… First to respond was the New Orleans NAACP, which was becoming increasingly more aggressive in its tactics. NAACP officials challenged Giarrusso to explain the “shoot to kill” order. “The consistent resorting to the ‘might is right’ tactic is only a temporary stopgap measure which will help produce more fear in the community,” said one NAACP official.
Daniel P. Vincent of the TCA condemned the FAS “shoot to kill” order: “The shoot-to-kill order is in itself barbaric and will almost certainly lead to the accidental killing of a young black male. History tells us that the accident will occur to a young black male.”
The real solutions to the crime problem, according to Vincent, were increased employment and job opportunities and an end to racism. “Unless basic causes are attacked, no emergency police can stop crime in this city.”
Although many African Americans came out against the FAS, there was considerable support for the FAS in the black community, although few would admit it. Isaac Green, who represented an unnamed group, told a reporter: “Many of the persons that will be represented have said that they have been afraid to make statements or give their true opinions for fear of being thought disloyal to black people.” (p. 88 – 95)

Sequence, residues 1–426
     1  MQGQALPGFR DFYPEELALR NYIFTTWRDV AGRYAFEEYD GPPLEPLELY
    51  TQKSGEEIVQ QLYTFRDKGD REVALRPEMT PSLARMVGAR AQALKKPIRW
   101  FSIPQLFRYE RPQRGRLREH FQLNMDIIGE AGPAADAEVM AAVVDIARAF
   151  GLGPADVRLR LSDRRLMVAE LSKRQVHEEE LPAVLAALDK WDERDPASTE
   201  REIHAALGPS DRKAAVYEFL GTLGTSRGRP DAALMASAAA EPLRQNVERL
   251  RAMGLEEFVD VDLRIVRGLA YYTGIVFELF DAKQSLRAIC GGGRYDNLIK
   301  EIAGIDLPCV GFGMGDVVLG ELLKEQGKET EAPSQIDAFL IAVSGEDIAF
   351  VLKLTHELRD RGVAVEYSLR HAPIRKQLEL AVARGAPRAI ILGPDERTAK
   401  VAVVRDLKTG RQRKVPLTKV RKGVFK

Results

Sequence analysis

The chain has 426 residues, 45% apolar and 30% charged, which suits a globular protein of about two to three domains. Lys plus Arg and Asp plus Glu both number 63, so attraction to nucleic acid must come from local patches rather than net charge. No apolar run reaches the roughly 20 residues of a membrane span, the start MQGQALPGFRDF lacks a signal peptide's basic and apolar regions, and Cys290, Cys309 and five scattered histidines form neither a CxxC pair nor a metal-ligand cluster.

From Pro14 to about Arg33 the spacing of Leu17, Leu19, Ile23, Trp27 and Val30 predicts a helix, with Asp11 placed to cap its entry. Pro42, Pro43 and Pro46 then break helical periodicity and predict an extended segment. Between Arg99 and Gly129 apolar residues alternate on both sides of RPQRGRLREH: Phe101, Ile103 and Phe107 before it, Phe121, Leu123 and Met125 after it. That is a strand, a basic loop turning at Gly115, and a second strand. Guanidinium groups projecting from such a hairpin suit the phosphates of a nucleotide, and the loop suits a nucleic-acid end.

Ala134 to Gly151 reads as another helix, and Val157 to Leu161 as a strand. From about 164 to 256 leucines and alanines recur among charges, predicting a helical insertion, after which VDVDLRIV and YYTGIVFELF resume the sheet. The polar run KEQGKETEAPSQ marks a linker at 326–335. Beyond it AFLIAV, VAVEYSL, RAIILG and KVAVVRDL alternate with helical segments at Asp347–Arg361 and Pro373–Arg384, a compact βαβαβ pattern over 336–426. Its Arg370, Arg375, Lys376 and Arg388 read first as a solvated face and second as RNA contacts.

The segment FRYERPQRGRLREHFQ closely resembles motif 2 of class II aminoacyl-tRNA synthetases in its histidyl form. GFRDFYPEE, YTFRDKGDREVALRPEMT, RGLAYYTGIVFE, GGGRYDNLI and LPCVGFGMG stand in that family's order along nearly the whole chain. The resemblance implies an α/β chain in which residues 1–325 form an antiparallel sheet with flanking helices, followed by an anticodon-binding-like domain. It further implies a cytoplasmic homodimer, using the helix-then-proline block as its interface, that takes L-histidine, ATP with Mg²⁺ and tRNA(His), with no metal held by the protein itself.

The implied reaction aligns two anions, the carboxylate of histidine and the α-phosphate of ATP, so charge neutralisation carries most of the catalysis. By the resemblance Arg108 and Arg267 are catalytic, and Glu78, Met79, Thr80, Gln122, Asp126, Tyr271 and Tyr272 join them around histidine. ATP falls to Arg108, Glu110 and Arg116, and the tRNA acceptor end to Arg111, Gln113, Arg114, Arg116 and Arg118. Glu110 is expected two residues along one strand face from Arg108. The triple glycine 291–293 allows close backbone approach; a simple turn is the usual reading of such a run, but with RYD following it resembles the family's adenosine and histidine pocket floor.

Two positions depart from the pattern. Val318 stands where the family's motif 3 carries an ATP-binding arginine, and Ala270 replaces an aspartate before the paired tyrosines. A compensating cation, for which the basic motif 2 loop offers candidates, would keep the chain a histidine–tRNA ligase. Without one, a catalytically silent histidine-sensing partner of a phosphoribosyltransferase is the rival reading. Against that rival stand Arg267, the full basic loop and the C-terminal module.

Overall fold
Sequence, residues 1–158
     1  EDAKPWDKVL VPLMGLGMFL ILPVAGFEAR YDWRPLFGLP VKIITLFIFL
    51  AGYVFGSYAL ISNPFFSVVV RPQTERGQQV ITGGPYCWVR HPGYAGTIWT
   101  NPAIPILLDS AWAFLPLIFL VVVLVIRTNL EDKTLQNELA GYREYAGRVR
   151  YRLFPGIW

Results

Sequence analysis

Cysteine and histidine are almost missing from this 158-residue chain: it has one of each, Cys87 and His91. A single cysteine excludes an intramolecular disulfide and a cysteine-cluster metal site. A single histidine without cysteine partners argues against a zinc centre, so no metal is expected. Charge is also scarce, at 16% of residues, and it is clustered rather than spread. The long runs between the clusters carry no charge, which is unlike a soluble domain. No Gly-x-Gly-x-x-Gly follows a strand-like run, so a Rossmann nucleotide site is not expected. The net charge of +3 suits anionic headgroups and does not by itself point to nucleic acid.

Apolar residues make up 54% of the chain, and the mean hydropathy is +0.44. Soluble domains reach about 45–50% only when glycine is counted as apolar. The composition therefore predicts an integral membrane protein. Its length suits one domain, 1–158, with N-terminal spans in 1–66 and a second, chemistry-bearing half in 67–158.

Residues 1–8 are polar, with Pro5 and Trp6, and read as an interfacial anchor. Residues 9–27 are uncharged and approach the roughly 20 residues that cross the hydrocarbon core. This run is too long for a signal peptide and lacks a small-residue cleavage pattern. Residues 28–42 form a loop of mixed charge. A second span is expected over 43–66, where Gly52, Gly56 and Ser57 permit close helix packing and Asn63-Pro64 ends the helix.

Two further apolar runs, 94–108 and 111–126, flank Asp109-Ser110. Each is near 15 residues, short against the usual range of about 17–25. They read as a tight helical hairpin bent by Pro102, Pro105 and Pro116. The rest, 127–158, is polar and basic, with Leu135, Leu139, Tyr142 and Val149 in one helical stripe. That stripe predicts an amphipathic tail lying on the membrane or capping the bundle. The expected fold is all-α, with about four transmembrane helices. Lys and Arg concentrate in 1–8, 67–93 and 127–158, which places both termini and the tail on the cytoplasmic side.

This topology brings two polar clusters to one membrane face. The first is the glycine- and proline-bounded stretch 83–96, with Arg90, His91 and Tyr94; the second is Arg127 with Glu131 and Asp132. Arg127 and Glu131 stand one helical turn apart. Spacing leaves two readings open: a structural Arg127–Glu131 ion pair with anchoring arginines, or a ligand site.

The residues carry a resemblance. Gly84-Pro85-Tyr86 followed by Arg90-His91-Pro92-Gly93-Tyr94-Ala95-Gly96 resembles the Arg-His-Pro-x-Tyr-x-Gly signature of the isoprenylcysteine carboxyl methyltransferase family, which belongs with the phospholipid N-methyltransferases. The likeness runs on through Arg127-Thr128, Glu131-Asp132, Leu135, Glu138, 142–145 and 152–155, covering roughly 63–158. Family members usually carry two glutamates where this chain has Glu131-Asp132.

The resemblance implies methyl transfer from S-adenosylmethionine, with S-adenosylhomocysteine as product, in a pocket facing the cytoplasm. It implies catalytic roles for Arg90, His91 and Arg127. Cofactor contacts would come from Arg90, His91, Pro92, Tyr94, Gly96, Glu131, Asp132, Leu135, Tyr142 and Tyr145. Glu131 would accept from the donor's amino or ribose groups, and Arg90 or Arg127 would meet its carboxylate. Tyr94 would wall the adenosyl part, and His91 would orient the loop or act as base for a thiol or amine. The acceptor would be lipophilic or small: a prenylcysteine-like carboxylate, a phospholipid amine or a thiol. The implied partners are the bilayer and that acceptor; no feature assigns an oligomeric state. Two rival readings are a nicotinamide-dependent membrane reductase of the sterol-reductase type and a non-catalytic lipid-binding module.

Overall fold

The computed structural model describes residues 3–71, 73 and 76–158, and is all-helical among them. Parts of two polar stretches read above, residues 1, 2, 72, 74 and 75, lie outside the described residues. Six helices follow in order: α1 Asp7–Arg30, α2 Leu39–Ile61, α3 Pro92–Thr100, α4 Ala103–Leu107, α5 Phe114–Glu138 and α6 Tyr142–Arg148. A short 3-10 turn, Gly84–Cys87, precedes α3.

|Historically, New Orleans was a white city. Only when black crime (and its deleterious effect on commercial/private property values) drove whites out of the city did it become the incredibly dangerous 'Chocolate City'|
From 1972 to 1982, Felony Action Squad members shot or wrestled with armed robbers, rapists and murderers, patrolling the streets in rundown Ford Mustangs, Ford Torinos and even a Chevy Corvette.
They spent nights inside an old Amtrak train car alongside Earhart Boulevard, watching for muggers and car burglars while a concert went on nearby at the Superdome.
They took breaks from their heavier duties by arresting drifters begging for change in the French Quarter.
Meanwhile, they said, many of their marriages unraveled.
Unpopular with some
Some elected officials and community leaders lobbied to have the squad shut down throughout its 10-year existence, accusing the plainclothes cops -- both black and white -- of being racist and reckless.
Warren Woodfork, the unit's first commander and later the NOPD's first black superintendent, said he dismissed the opposition as chatter coming from "bleeding hearts."
"We solved a lot of the violent crime problems we find ourselves with again today," said Woodfork, 73, on Saturday.
Police Superintendent Clarence Giarrusso formed the undercover squad to operate in the city's most crime-ridden neighborhoods. At a 1972 news conference announcing its inception, he told reporters that if any of the Felony Action Squad's 12 original members crossed paths with a criminal they thought was armed, they were to "shoot to kill."
The NAACP cried foul. A local community group said Giarrusso's order was "barbaric." State Rep. Louis Charbonnet III and other legislators unsuccessfully urged the City Council to pass a resolution abolishing the unit.
The squad members dismissed the opposition as "political BS meant to get people's votes," Marie said.